Design Twits | the Japanese design Twitterati

A while back there was an interesting exchange of tweets between several product designers. Fumie Shibata lamented that when taking out the trash the previous evening she found one of her designs thrown away in the oversized trash bin. She had never seen her work in a heap of garbage and notes that it was so “real” compared to seeing it in the setting of someone’s home.

Which prompted Tomoko Azumi to admit that she once spotted one of her designs on ebay selling for way below market price. Annoyed by this, she purchased it herself only to realize that the plastic coating was peeling off everywhere. She jokingly stated that she was thinking about repainting it and reposting it on ebay.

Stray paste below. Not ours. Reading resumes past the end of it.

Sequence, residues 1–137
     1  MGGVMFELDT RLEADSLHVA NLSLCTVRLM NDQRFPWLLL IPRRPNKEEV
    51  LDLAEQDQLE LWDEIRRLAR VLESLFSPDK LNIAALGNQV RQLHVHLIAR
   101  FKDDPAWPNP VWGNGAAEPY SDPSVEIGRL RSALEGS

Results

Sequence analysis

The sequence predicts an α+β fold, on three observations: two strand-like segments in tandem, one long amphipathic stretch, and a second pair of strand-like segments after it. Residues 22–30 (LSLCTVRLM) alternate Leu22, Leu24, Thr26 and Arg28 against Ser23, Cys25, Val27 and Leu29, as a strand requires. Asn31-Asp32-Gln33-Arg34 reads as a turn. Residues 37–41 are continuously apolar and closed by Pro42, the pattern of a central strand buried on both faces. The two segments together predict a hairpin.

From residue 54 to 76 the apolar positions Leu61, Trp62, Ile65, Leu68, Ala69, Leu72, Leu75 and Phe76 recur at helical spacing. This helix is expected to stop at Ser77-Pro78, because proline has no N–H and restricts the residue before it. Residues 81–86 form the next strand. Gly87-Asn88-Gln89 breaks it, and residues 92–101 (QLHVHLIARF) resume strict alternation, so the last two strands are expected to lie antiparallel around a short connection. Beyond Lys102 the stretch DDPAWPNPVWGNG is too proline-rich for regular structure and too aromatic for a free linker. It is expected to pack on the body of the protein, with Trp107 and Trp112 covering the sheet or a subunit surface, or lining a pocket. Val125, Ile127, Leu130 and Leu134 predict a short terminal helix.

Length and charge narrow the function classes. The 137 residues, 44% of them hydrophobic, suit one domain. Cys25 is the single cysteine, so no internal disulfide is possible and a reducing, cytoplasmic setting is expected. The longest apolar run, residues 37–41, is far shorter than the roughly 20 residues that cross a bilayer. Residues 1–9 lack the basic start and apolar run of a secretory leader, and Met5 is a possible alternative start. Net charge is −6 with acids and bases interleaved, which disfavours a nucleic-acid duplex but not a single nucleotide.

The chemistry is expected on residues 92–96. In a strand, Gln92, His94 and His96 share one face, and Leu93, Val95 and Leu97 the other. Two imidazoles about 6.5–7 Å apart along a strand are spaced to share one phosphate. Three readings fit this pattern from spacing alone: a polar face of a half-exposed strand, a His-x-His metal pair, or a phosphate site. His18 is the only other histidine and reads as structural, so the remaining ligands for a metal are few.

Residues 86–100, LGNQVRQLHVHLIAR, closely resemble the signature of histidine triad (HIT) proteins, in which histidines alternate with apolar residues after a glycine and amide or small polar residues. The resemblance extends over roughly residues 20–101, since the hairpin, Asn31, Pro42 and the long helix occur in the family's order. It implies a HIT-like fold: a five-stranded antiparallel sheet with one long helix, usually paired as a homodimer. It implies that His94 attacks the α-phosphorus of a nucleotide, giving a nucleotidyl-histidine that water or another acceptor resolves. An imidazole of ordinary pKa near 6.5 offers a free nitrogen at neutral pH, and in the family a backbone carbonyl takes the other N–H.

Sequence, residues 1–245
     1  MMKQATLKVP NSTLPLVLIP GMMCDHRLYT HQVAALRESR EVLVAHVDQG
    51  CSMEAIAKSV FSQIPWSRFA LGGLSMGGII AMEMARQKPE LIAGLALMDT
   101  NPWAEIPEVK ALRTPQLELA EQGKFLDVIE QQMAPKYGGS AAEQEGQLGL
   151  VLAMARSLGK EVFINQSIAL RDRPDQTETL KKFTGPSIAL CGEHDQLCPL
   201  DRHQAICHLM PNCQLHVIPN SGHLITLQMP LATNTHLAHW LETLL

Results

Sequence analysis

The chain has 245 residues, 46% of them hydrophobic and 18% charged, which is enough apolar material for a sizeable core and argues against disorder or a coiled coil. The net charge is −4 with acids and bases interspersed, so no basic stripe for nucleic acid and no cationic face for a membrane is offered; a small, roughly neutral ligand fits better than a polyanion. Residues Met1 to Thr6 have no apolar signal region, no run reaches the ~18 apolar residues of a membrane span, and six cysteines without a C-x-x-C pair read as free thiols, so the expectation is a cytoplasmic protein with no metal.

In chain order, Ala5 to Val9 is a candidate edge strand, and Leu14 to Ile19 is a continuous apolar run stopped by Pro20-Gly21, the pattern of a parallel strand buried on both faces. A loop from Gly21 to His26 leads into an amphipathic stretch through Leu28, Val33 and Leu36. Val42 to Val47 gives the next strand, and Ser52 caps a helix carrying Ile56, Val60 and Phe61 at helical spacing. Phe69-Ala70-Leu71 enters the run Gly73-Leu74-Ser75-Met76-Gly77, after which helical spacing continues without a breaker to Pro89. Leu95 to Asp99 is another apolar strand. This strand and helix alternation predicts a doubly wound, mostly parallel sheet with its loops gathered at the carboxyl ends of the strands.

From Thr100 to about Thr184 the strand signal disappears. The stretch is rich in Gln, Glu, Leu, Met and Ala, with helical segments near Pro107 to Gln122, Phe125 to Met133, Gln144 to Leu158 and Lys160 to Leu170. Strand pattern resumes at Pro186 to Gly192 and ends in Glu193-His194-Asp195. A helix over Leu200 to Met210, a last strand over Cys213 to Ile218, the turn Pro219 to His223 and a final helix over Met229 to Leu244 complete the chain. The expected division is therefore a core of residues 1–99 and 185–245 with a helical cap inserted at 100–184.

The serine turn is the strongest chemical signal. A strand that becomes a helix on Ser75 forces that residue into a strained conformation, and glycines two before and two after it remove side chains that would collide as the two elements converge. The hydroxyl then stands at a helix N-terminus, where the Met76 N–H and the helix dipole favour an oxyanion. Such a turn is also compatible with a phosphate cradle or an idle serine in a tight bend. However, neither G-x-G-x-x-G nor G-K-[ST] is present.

So, I guess the question is… how far ahead should designers be thinking when designing a product? It’s second life? It’s third life? As part of a heap of oversized garbage?



  1. This is an interesting discussion…I once worked for a business that did restoration of antique furniture, and longevity and durability of materials was a major concern in that business. As a person with a great love of craft, I can't help feeling that there as a society we have lost the respect for old-school craftsmanship in so many arenas. As a disposable society, even our houses are built to be obsolete in short order. We now live in a house that was constructed in 1913, and has held up solid and strong, where as the condo I live in in Vail was already showing serious structural wear and tear after only five years. Food for thought.

  2. That's a really good point. With stores like IKEA bringing the average price point of furniture down, are we being conditioned to appreciate the initial satisfaction of a purchase rather than the longevity of a product?

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